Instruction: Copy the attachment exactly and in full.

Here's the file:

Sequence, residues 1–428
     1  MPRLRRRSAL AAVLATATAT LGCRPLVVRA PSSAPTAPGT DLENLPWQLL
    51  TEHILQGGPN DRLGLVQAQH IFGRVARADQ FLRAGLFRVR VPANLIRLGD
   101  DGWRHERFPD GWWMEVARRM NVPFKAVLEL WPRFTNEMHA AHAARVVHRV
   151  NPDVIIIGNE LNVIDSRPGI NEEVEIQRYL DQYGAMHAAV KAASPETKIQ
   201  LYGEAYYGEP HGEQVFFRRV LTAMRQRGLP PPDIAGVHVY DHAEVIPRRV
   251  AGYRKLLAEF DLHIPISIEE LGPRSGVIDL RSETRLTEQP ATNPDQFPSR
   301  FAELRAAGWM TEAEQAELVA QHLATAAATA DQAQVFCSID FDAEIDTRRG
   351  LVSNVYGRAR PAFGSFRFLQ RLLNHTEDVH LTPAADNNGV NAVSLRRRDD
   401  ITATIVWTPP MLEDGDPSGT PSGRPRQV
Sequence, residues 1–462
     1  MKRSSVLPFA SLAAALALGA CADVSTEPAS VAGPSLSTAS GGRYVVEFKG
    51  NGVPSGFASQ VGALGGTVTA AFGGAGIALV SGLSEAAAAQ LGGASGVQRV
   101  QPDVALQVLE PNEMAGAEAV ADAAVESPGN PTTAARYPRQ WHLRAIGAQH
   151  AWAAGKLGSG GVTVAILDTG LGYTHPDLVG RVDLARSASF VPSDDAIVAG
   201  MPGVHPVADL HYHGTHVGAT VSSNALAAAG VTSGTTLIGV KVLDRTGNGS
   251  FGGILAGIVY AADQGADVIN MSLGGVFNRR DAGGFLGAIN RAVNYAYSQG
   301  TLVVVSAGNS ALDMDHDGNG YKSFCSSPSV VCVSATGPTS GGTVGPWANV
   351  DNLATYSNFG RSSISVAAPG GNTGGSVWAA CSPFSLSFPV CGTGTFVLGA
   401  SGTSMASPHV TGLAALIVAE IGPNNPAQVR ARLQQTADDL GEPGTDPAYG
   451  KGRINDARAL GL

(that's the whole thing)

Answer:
Sequence, residues 1–428
     1  MPRLRRRSAL AAVLATATAT LGCRPLVVRA PSSAPTAPGT DLENLPWQLL
    51  TEHILQGGPN DRLGLVQAQH IFGRVARADQ FLRAGLFRVR VPANLIRLGD
   101  DGWRHERFPD GWWMEVARRM NVPFKAVLEL WPRFTNEMHA AHAARVVHRV
   151  NPDVIIIGNE LNVIDSRPGI NEEVEIQRYL DQYGAMHAAV KAASPETKIQ
   201  LYGEAYYGEP HGEQVFFRRV LTAMRQRGLP PPDIAGVHVY DHAEVIPRRV
   251  AGYRKLLAEF DLHIPISIEE LGPRSGVIDL RSETRLTEQP ATNPDQFPSR
   301  FAELRAAGWM TEAEQAELVA QHLATAAATA DQAQVFCSID FDAEIDTRRG
   351  LVSNVYGRAR PAFGSFRFLQ RLLNHTEDVH LTPAADNNGV NAVSLRRRDD
   401  ITATIVWTPP MLEDGDPSGT PSGRPRQV
Sequence, residues 1–462
     1  MKRSSVLPFA SLAAALALGA CADVSTEPAS VAGPSLSTAS GGRYVVEFKG
    51  NGVPSGFASQ VGALGGTVTA AFGGAGIALV SGLSEAAAAQ LGGASGVQRV
   101  QPDVALQVLE PNEMAGAEAV ADAAVESPGN PTTAARYPRQ WHLRAIGAQH
   151  AWAAGKLGSG GVTVAILDTG LGYTHPDLVG RVDLARSASF VPSDDAIVAG
   201  MPGVHPVADL HYHGTHVGAT VSSNALAAAG VTSGTTLIGV KVLDRTGNGS
   251  FGGILAGIVY AADQGADVIN MSLGGVFNRR DAGGFLGAIN RAVNYAYSQG
   301  TLVVVSAGNS ALDMDHDGNG YKSFCSSPSV VCVSATGPTS GGTVGPWANV
   351  DNLATYSNFG RSSISVAAPG GNTGGSVWAA CSPFSLSFPV CGTGTFVLGA
   401  SGTSMASPHV TGLAALIVAE IGPNNPAQVR ARLQQTADDL GEPGTDPAYG
   451  KGRINDARAL GL